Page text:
Greenhouse grant provides firm roots for CNE science studies
By Dick Maloney
Next year at this time, Clermont Northeastern High Schools students will not only be planting the seeds of knowledge, they will be eating from them as well.
The United States Department of Agriculture has awarded the school a grant to build a greenhouse on campus. Science teachers Tony Gettler, Scott Wells and Steve Williams are heading up the project, and are planning the best ways to utilize the eventual harvest, for both the school and the community. They have formed a partnership with Roothouse Aquaponics in Batavia, for assistance and ideas.
The physical structure is still an idea, but the excitement is in full bloom.
“It’s going to be awesome,” Gettler said.
He teaches environmental science; Wells teaches zoology and Williams teaches biology. They have “wanted a greenhouse for quite some time,” Wells said, praising high school Principal T.J. Glassmeyer and the CNE administration for their support and initiative in securing the grant. There will be no cost to the community, and the greenhouse may have a commercial benefit.
“It’s farm-to-table grant, so it’s like taking it from the farm into the cafeteria,” Wells said.
Self-sustainability is the goal – using compostable or recyclable materials from the school cafeteria as fertilizer and mulch for the plants, some of which would eventually wind up back on the lunch trays.
“We're hoping to grow plants that will produce fruits that we cannot just add to some of the things that they have, like tomatoes and cucumbers … but to actually expand the menu into some of the new things and new opportunities and options, you know, like maybe like an eggplant. Instead of having chicken parmesan, you have eggplant parmesan as a possibility,” Gettler said. Students, he believes, may be more inclined to eat fruits and vegetables they grew themselves.
“Definitely a difference between finding the zucchini at the grocery store versus having a zucchini that you actually grew and eat,” Williams said.
There may be a commercial benefit, as well.
“We’ve even kicked ideas around. It's all very premature but maybe producing a couple of different types of salsas, or something like that that we might be able to, to possibly sell, or even use in the cafeteria to just to help cover whatever overhead we may have,” Gettler said. They have also discussed setting up farmers markets, if the yield allows.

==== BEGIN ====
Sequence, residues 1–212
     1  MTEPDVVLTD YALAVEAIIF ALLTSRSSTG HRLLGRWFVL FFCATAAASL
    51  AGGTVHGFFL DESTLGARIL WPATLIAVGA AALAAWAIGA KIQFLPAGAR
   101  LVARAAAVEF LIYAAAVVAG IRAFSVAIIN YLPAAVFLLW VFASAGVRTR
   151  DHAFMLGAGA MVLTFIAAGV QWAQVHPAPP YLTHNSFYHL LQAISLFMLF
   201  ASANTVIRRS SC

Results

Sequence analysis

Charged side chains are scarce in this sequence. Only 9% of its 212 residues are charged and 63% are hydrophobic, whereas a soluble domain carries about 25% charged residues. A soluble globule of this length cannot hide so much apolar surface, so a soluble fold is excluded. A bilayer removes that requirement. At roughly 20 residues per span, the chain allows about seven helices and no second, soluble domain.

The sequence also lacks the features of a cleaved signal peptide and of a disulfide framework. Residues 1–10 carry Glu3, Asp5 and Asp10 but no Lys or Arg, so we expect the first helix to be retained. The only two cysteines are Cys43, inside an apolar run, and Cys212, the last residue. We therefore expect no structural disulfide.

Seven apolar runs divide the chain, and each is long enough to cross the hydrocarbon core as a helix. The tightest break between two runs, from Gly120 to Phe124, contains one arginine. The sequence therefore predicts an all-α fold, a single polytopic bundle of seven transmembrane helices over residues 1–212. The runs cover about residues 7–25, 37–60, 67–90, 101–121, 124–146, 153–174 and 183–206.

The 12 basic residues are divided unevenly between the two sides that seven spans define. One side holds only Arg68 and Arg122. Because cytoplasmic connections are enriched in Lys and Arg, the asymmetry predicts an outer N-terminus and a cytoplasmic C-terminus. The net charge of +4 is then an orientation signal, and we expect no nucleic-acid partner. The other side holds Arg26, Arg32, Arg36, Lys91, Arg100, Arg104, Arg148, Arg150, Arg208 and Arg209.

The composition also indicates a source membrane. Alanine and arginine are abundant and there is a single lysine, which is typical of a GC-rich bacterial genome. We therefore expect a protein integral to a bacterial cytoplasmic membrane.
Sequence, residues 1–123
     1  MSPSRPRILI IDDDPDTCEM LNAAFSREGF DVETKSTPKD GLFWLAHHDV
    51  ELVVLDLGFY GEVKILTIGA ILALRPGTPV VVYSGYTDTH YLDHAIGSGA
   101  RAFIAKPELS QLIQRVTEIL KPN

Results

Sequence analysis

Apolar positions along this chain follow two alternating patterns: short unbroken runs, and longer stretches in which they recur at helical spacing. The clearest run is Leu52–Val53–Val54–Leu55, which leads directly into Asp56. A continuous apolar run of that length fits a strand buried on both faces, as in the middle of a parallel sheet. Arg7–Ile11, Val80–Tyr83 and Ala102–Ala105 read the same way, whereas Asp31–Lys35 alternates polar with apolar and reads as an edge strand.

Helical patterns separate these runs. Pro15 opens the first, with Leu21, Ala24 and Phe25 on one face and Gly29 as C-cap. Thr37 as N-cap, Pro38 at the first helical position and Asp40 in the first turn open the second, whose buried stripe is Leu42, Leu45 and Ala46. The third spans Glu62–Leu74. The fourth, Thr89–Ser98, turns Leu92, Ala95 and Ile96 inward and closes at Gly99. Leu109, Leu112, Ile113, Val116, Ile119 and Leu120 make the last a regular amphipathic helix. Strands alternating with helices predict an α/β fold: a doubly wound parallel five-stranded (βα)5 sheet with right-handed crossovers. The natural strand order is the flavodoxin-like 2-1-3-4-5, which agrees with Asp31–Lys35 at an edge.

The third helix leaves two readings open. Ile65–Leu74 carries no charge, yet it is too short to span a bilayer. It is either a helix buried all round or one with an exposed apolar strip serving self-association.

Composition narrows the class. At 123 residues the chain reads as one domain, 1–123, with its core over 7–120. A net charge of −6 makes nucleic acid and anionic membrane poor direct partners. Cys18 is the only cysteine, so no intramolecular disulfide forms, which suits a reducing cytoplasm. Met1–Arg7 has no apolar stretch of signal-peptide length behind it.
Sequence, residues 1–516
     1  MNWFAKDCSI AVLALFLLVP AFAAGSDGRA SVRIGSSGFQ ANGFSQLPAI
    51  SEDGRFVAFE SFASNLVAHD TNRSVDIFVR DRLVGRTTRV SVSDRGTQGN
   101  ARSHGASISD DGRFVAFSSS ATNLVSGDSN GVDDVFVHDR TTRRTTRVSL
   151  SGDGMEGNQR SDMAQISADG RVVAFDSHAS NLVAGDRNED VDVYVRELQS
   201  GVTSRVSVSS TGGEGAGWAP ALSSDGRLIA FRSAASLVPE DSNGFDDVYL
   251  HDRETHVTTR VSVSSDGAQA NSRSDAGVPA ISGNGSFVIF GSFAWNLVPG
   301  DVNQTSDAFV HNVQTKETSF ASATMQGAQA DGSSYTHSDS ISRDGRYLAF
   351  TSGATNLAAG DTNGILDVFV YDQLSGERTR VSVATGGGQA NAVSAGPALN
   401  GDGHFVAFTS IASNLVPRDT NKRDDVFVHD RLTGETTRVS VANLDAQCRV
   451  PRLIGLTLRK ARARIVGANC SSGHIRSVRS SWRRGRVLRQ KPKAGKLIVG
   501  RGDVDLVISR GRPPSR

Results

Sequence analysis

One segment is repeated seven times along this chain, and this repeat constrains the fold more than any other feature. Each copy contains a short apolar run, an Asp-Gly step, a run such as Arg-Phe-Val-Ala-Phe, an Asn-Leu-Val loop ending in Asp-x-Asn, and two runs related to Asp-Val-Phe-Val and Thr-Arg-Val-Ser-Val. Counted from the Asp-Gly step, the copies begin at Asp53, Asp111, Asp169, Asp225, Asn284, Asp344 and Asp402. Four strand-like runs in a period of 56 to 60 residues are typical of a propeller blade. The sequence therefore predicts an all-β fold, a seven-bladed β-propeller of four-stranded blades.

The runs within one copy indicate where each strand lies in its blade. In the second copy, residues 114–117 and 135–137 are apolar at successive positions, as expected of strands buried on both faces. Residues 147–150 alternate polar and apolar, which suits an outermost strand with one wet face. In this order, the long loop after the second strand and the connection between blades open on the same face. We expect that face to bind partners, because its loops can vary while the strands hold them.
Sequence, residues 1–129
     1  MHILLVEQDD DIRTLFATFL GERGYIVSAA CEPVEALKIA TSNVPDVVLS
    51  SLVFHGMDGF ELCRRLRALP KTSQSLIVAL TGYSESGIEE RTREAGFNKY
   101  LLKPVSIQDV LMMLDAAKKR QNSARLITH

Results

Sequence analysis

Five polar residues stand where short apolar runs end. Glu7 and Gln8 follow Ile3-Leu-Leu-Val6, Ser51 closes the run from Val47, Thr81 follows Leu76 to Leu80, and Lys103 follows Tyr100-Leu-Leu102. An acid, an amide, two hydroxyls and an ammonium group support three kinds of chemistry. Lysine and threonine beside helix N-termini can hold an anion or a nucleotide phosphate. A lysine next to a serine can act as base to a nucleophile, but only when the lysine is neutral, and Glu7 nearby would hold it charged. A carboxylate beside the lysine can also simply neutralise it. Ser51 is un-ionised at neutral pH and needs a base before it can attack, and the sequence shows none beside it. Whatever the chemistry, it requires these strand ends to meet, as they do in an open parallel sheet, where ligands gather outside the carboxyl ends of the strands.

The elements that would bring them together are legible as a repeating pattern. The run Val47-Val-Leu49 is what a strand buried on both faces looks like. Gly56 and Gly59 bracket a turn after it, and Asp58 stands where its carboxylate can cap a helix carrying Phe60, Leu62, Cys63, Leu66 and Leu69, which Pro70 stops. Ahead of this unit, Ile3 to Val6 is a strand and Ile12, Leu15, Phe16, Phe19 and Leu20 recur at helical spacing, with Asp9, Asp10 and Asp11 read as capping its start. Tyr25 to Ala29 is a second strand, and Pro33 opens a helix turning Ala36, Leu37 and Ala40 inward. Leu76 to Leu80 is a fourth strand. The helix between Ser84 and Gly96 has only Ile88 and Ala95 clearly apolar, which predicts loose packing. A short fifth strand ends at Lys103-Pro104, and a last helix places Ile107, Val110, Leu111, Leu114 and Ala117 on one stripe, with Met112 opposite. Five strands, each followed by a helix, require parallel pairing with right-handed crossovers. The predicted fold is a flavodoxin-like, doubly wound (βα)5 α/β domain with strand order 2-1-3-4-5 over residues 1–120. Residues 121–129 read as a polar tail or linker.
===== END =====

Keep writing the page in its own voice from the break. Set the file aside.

The greenhouse will most likely be built near the pond on campus, to the northeast side of the high school. There, they can connect electric and water to an existing pumphouse station and are assured of adequate sunlight.
Terms of the grant proscribe that the structure must be in place when the 2022-2023 school year begins. Williams said they hope to break ground by next June. They are reaching out to community members who have experience with greenhouses for advice.
“We’ll have to put it together. So we may spend a couple of days in a June afternoon out there helping put it together. If they need us to help you know I know I'll be here,” Gettler said.
Each teacher will work the greenhouse into his curriculum. Gettler emphasizes sustainability and said the composting cycle will help students “see the full circle.” Wells sees lessons in cross-pollination and hybridization. Williams hopes the greenhouse helps reinforce what can sometimes be abstract concepts in biology.
“And it leads to, we can do comparative science, because with the aquaponic system, we now have, we’ll probably growing similar same type things in the greenhouse, next to where we can kind of start comparing the yield production and different things to where, you know, which ones are more sustainable.”
The grant was for around $50,000 and will include more than the structure itself. Wells noted that they had selected a greenhouse, but the price jumped by $4,000.